Brunello, G., & Checchi, D. (2005). School quality and family background in Italy. Economics of Education Review, 24(5), 563–577. CrossRef
Cameron, S. V., & Heckman, J. (2001). The dynamics of educational attainment for black, hispanic, and white males. Journal of Political Economy, 109(3), 455–499. CrossRef
Chevalier, A., & Lanot, G. (2002). The relative effect of family characteristics and financial situation on educational achievement. Education Economics, 10(2), 165–181. CrossRef
Cornwell, C., Mustard, D. B., & Van Parys, J. (2013). Noncognitive skills and the gender disparities in test scores and teacher assessments evidence from primary school. Journal Human Resources, 48(1), 236–264.
Cunha, F., Heckman, J. J., & Schennach, S. M. (2010). Estimating the technology of cognitive and noncognitive skill formation. Econometrica, 78(3), 883–931. CrossRef
Dai, X., & Heckman, J. J. (2013). Older siblings’ contributions to young child’s cognitive skills. Economic Modelling, 35, 235–248. CrossRef
De Graaf, N. D., De Graaf, P. M., & Kraaykamp, G. (2000). Parental cultural capital and educational attainment in the Netherlands: A refinement of the cultural capital perspective. Sociology of Education, 73(2), 92–111. CrossRef
de San Román, A. G, & de La Rica Goiricelaya, S. (2012). Gender gaps in PISA test scores: The impact of social norms and the mother’s transmission of role attitudes. In IZA discussion paper 6338.
Del Boca, D., Flinn, C., & Wiswall, M. (2014). Household choices and child development. Review of Economic Studies, 81(1), 137–185. CrossRef
Di Tommaso, M. L. (2007). Children capabilities: A structural equation model for India. Journal of Socio Economics, 36, 436–450. CrossRef
Duncan, G. J., Brooks-Gunn, J., & Klebanov, P. K. (1994). Economic deprivation and early childhood development. Child Development, 65, 296–318. CrossRef
Edgerton, J. D., & Roberts, L. W. (2014). Cultural capital or habitus? Bourdieu and beyond in the explanation of enduring educational inequality. Theory and Research in Education, 12(2), 193–220. CrossRef
EIGE (European Institute for Gender Equality). (2013). Gender equality index. Report. EIGE Publication.
Fernandes, L., Mendes, A., & Teixeira, A. (2012). A review essay on the measurement of child well-being. Social Indicators Research, 106, 239–257. CrossRef
Fernandes, L., Mendes, A., & Teixeira, A. (2013). A weighted multidimensional index of child well-being which incorporates children’s individual perceptions. Social Indicators Research, 114, 803–829. CrossRef
Fullin, G., & Reyneri, E. (2011). Low unemployment and bad jobs for new immigrants in Italy. International Migration, 49(1), 118–147. CrossRef
Ganzeboom, H. B. G., De Graaf, P. M., & Treiman, D. J. (1992). A standard international socio-economic index of occupational status. Social Science Research, 21, 1–56. CrossRef
Good, J. J., Woodzicka, J. A., & Wingfield, L. C. (2010). The effects of gender stereotypic and counter-stereotypic textbook images on science performance. Journal of Social Psychology, 150(2), 132–147. CrossRef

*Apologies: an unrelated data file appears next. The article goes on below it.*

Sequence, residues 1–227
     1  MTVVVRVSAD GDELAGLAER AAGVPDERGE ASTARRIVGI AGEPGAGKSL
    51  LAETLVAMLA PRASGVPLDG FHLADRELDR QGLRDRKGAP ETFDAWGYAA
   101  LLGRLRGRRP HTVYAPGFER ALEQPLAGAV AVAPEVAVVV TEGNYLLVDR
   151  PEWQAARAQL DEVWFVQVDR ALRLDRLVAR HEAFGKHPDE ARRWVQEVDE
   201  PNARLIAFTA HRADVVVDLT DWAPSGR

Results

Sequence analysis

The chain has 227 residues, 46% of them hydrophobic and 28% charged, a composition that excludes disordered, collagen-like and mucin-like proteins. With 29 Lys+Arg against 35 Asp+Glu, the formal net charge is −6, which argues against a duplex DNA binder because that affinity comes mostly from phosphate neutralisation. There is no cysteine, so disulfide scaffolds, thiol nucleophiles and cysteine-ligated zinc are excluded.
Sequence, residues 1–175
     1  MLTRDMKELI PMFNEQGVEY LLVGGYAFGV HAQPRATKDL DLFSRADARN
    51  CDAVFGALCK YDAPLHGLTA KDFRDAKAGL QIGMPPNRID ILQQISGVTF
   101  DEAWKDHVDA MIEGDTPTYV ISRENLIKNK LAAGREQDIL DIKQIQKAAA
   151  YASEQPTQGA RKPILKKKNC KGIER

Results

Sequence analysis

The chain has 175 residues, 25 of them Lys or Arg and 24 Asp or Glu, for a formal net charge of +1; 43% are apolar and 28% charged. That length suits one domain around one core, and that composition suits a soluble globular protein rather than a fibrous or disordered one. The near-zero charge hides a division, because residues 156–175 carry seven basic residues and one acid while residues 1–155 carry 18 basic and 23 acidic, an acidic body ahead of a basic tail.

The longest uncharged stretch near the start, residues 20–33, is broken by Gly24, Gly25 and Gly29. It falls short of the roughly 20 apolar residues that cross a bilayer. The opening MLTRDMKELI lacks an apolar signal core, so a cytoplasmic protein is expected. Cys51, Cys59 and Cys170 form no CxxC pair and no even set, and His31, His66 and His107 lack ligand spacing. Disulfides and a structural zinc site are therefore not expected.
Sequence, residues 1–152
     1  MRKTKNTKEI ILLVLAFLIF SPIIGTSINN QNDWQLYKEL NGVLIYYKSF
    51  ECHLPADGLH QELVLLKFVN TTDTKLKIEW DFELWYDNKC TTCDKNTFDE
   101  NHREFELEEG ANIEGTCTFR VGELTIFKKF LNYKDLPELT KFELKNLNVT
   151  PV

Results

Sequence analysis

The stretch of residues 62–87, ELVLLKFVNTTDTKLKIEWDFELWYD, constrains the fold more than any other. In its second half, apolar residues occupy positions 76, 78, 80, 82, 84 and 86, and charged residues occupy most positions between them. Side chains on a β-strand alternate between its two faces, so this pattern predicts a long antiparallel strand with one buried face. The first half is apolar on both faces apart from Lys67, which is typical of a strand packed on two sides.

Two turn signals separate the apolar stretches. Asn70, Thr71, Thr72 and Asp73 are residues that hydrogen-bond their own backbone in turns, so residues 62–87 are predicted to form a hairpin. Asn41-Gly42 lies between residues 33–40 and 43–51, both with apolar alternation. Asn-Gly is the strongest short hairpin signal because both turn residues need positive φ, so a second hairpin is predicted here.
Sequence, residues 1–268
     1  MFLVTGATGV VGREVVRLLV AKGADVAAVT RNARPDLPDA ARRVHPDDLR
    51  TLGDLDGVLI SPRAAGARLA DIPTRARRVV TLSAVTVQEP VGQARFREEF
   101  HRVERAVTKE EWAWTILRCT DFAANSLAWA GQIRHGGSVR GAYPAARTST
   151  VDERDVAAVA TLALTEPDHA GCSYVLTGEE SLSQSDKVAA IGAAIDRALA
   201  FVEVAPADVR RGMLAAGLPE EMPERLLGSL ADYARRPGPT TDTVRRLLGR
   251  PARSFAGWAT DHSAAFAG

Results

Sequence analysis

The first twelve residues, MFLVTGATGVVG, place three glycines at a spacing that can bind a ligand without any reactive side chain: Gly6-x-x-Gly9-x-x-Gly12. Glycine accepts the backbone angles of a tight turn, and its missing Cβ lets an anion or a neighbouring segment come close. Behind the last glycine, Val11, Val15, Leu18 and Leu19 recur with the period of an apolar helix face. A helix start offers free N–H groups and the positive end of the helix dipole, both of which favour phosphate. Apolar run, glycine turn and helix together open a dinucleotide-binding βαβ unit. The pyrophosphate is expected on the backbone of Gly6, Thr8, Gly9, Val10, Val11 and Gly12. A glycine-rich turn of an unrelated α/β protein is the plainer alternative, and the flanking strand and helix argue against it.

Guiso, L., Monte, F., Sapienza, P., & Zingales, L. (2008). Culture, gender, and math. Science, 320(5880), 1164–1165. CrossRef
Gutman, L. M., & Schoon, I. (2013). Non-cognitive skills: Evidence and intervention. London: Education Endowment Foundation.
Hansen, K. T., Heckman, J. J., & Mullen, K. J. (2004). The effect of schooling and ability on achievement test scores. Journal of Econometrics, 121(1–2), 39–98. CrossRef
Hart, C. (2014). The capability approach and educational research. In C. Hart, M. Biggeri, & B. Babic (Eds.), Agency and participation in childhood and youth. International applications of the capability approach in schools and beyond (pp. 17–43). London: Bloomsbury Academic.
Haveman, R., & Wolfe, B. (1995). The determinants of children’s attainments: A review of methods and findings. Journal of Economic Literature, 33, 1829–1878.
Heckman, J. J. (2008). Schools, skills, and synapses. Economic Inquiry, 46(3), 289–324. CrossRef
Heckman, J. J., & Kautz, T. (2012). Hard evidence on soft skills. Labour Economics, 19, 451–464. CrossRef
Heckman, J. J., & Kautz, T. (2014). Fostering and measuring skills interventions that improve character and cognition. In J. J. Heckman, J. E. Humphries, & T. Kautz (Eds.), The GED Myth: Education, achievement tests, and the role of character in american life, chapter 9. Chicago, IL: University of Chicago Press.
Heckman, J. J., Moon, S. H., Pinto, R., Savelyev, P. A., & Yavitz, A. (2010a). The rate of return to the Highscope Perry Preschool Program. Journal of Public Economics, 94(1–2), 114–128. CrossRef
Heckman, J., Moon, S. H., Pinto, R., Savelyev, P., & Yavitz, A. (2010b). Analyzing social experiments as implemented: A reexamination of the evidence from the Highscope Perry Preschool Program. Quantitative Economics, 1(1), 1–46. CrossRef
Heckman, J. J., & Mosso, S. 2014. The economics of human development and social mobility. In NBER working paper no. 19925.
Heckman, J., Pinto, R., & Savelyev, P. (2013). Understanding the mechanisms through which an influential early childhood program boosted adult outcomes. American Economic Review, 103(6), 2052–2086. CrossRef
Jacobs, J. E. (1991). Influence of gender stereotypes on parent and child mathematics attitudes. Journal of Educational Psychology, 83(4), 518–527. CrossRef
Jacobs, J. E., & Bleeker, M. M. (2004). Girls’ and boys’ developing interests in math and science: Do parents matter? New Directions for Child and Adolescent Development, 106, 5–21. CrossRef
Jacobs, J. E., & Eccles, J. S. (1992). The impact of mothers’ gender-role stereotypic beliefs on mothers’ and children’s ability perceptions. Journal of Personality and Social Psychology, 63(6), 932–944. CrossRef